The United States has been a keen observer of Chinese posturing along Line of Actual Control, and has made certain comments on the issue on different occasions.
The theme, however, was the same that China’s expansionism should be resisted with all the might.
It has been making suggestions of direct intervention to resolve the issue with China, and has been more than forthright in assessing the situation, and delivering strategic lessons to its strategic partner India.
This trend is continuing and the standoff at LAC has the potential to become a major global concern as the situation has not reversed to the extent India would have liked to.
These concerns are rooted in fears of escalation of the conflict as the world media, particularly in the West, continues to point out that the two - China and India - are nuclear powers. They leave nothing to imagination.
American observations are about the situation along the LAC, especially in eastern Ladakh, where the military deployment is probably the biggest since 1962 war. These words were part of the remarks made by Foreign Minister S Jaishanker, during his keynote address reflecting on contours and contents of national security during Modi government’s eight years in office. He pointed out that China tried to unilaterally change the status quo on the Line of Actual Control in Ladakh.
“Where China is concerned, we are again very clear that we will not allow the Line of Actual Control to be changed unilaterally and in violation of the understandings that we have,” he said.
There are two aspects to these assertions – India knows about the intentions of China, and it is determined to foil designs of changing the borderline.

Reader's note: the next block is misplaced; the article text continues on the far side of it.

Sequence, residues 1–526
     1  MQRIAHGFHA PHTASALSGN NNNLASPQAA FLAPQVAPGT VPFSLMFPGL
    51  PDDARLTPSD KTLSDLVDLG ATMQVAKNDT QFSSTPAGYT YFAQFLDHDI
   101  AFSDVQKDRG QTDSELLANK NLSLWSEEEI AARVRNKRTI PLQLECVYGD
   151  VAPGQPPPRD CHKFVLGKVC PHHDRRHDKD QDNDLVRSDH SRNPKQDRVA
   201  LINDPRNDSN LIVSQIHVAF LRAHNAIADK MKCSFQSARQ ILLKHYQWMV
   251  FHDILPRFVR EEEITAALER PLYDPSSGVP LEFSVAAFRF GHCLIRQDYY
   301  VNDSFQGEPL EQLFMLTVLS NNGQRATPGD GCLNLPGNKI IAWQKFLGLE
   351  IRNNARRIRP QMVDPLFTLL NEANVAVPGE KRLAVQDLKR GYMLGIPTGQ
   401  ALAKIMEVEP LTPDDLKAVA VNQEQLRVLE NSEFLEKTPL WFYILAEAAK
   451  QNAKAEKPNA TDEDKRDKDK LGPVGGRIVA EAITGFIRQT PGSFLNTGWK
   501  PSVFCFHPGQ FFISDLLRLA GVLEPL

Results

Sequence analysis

This is both past and future scenario at the LAC, where, it may be added that present is a story of stalemate in terms of military and diplomatic dialogue between the two countries.
The US has been making various proposals ever since the standoff began in Ladakh in April 2020, ranging from the direct intervention to facilitating talks between Beijing and Delhi, and now it is telling India what the situation is, and how it would play out in future.
This is typical of the American approach, particularly where China is involved. It is projecting itself as a great friend of India, reading for it Beijing’s moves, which it believes are inimical to India and its strategic interests in the long run.
When US defense Secretary Lloyd James Austin made a statement that China is hardening its position on India borders – he was making a couple of points borne out of the new reality along the LAC, in which the Chinese troops have forced a situation from where India is unable to find an escape route without having suffered the costs it has inflicted on the Indian military and psyche.
Austin stated: “In east China Sea, the PRC’s expanding fishing fleet is sparking tensions with its neighbours. In the South China Sea, the PRC is using outposts on man-made islands bristling with advanced weaponry to advance its illegal maritime claims.